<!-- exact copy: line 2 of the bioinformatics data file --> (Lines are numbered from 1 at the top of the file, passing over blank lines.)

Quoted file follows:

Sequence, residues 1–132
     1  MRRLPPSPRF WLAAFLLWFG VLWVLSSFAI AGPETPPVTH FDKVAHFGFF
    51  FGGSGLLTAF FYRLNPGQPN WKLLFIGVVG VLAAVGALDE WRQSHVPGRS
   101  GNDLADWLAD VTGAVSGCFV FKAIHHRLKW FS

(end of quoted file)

     1  MRRLPPSPRF WLAAFLLWFG VLWVLSSFAI AGPETPPVTH FDKVAHFGFF